As empires and armies came and went, the indigenous Berber people remained. Evidence of prehistoric people in North Africa goes back millennia. The Berbers, whose origin is unknown, have lived in North Africa for thousands of those years. The term Berber has come to refer to the indigenous peoples of North Africa, many of whom speak (or spoke) one of the Berber languages—but they are not a single ethnic group. They call themselves Amazigh or Imazighen (plural) which means, roughly, “free people” or “free men.” Many eventually converted to Islam, and they helped the Muslims take the Iberian Peninsula in 711. But many struggled to maintain a degree of independence. For example, the Berbers of Morocco revolted in 740 and later established their own empires and dynasties.
Arabs and Berbers make up the overwhelming majority of the population throughout the Maghreb today. The primary languages spoken in the region are local dialects of Arabic, followed by various Berber languages and dialects. Islam has been the dominant religious force since the Muslim conquests; however, this region has remained culturally diverse. The traditions of Berber groups have remained strong, especially in the harsher mountain and desert environments.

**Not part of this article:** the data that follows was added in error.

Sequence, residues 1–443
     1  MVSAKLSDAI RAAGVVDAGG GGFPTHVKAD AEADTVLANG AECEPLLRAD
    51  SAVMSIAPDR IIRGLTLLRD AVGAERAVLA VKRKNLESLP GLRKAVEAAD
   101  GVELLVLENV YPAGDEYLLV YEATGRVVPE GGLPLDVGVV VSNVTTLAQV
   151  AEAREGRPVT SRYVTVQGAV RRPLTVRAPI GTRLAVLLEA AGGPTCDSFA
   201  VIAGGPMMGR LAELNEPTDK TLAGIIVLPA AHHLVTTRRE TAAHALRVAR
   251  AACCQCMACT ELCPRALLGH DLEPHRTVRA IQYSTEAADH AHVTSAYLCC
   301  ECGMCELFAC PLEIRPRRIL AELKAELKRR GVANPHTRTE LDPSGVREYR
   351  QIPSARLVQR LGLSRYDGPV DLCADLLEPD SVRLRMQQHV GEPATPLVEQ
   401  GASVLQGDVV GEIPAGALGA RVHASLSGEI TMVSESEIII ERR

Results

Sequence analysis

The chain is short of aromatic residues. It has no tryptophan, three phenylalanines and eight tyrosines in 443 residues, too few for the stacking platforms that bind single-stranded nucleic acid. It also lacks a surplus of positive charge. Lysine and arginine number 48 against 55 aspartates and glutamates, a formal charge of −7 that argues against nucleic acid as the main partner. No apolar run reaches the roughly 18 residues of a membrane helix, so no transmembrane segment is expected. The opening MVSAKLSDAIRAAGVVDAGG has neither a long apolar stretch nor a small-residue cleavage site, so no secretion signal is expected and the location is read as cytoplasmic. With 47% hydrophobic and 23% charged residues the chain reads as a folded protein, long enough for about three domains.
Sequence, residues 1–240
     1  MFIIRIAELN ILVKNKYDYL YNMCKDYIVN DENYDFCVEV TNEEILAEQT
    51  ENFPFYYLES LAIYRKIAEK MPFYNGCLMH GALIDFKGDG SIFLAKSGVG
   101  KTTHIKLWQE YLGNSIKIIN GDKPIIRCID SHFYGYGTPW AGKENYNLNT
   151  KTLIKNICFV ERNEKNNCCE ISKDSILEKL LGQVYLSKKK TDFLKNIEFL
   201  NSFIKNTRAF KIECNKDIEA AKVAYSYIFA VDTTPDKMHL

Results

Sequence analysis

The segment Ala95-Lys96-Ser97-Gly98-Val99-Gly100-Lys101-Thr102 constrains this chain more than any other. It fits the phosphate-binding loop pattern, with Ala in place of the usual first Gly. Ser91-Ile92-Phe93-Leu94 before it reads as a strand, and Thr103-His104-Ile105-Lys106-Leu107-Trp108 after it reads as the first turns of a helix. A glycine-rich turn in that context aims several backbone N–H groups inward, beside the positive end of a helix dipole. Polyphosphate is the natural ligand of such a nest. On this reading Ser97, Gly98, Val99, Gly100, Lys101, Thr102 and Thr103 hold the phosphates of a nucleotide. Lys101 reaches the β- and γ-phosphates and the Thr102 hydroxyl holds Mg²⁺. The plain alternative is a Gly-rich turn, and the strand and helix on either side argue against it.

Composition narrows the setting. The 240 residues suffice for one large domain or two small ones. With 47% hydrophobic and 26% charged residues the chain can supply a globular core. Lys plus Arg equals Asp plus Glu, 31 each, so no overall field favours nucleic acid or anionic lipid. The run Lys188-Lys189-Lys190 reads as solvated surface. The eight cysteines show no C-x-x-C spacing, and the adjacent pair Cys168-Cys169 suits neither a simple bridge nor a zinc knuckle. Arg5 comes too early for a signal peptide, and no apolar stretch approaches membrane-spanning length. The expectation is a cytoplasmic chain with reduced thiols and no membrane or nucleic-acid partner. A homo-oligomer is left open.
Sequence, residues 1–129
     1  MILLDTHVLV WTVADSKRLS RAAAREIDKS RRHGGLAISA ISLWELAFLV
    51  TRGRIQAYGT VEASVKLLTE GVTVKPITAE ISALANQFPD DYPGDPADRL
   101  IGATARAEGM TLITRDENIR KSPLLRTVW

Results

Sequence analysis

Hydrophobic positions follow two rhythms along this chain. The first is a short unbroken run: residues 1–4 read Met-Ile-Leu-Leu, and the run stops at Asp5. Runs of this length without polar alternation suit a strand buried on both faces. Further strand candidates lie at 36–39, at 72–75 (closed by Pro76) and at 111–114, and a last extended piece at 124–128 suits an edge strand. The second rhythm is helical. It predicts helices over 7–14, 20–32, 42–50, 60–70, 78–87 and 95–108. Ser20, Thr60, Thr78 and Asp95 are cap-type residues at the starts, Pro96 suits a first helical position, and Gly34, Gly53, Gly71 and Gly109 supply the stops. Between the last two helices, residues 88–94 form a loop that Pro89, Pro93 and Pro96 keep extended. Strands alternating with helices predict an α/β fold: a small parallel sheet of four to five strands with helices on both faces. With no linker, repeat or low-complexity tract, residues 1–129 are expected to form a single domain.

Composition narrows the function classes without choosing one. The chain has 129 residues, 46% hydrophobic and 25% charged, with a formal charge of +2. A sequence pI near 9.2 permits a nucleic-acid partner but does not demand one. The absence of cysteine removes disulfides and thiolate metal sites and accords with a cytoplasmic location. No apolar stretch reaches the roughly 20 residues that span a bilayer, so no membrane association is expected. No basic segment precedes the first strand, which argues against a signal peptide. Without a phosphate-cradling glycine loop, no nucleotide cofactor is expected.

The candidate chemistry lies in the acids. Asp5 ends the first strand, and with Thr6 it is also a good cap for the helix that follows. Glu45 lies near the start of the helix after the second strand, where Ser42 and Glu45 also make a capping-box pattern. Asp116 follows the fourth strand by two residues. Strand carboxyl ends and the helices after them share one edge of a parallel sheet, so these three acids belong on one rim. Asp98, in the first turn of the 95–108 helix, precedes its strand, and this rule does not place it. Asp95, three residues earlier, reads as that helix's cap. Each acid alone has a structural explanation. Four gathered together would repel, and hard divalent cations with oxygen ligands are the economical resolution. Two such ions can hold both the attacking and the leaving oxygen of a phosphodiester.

Migrations to and from this region
While migration to this region tended to be from east to west, both Arabic and Berber traders were heavily involved in the thriving trans-Saharan trade, which brought gold, ivory and slaves north and carried salt, cloth and Islam south. This may account for traces of West African genetic ethnicity in some North African individuals. The Berbers also occupied much of Spain and Portugal for almost 800 years. Even though they were expelled from Iberia in 1492, there are still traces of North African ancestry in people across Spain, Portugal and the Canary Islands—and vice versa.